Remittances at Risk: The Trump Factor

The US president is already putting into practice his premise "America First", which leads Central America to anticipate negative changes in the flow of remittances from that country.

Monday, January 30, 2017

From a statement issued by the Central Institute for Fiscal Studies (Icefi):

Icefi recommends changing the economic and fiscal model in Central America in light of possible adoption of radical US policies. 

The growing expectation that redefined US policies mean that institutionality, moderation and good sense will prevail, and that Latin America - and in particular Central America- do not seem to figure among the main priorities of the new US government, are elements of confidence for the region. However, the risk that President Trump fulfills his aggressive and radical promises stated during his election campaign continues to be a factor and, in the opinion of the Central American Institute for Fiscal Studies (Icefi) needs to be analyzed seriously and with solid technical criteria.

Given this uncertainty, the Icefi has studied the possible impact on Central American countries, especially on their economies and tax systems, which could be felt if the new US president fulfills his radical and disturbing proposals in terms of migration, trade and investment proposals. In this sense, the Icefi analyzed what could be the main channels of transmission in Central America, through which these countries could suffer ill effects.

In terms of migration, during his campaign the now President Trump promised to build a wall on the border between the US and Mexico, carry out mass deportations, take actions that would criminalize migration and initiate a policy of "zero tolerance" towards migrants, with programs such as 'entry-exit" (tracking foreigners entering with a visa in order to detect those who do not leave the country), or "extreme vetting" (to identify ideological or religious characteristics of those entering the US). According to the Icefi, compliance with these measures could lead to harmful results for El Salvador, Honduras and Guatemala (the so-called Central American Northern Triangle), through a decrease in remittances from migrants living in the US sending money to their families in Central America, a category having increasing macroeconomic importance, in magnitudes comparable to exports and foreign direct investment coming into those countries.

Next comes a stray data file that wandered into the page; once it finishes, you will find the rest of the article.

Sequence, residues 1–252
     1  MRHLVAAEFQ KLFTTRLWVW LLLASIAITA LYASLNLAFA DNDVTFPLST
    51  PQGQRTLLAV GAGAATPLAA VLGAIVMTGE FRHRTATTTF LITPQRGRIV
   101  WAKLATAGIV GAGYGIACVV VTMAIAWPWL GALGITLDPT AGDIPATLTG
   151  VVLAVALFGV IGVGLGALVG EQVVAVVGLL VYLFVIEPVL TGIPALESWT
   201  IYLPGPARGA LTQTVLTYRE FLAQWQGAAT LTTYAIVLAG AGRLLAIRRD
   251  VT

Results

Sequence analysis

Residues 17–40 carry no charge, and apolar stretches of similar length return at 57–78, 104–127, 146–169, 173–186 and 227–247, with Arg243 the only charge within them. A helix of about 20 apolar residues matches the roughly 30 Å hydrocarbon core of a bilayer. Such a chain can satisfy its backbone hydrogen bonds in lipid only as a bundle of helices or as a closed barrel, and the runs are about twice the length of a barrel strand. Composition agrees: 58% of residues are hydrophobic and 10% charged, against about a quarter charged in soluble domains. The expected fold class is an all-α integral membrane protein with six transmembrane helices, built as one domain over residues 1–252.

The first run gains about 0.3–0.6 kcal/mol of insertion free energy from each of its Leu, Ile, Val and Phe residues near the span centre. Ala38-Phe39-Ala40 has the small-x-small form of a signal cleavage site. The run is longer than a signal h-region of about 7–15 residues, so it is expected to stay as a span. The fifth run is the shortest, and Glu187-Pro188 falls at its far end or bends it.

See full statement (in Spanish)

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Central Americans and other Latin Americans are feeling more concerned about what Trump can say or do, than over the only thing that can really change the fate of poverty in the region, which is education.


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From a statement from the Central Institute for Fiscal Studies (Icefi):

The Central American Institute for Fiscal Studies presents the seventh edition of its analysis of the situation in Costa Rica.

Fitch Comment on El Salvador

March 2009

The new government of El Salvador faces a difficult economic reality

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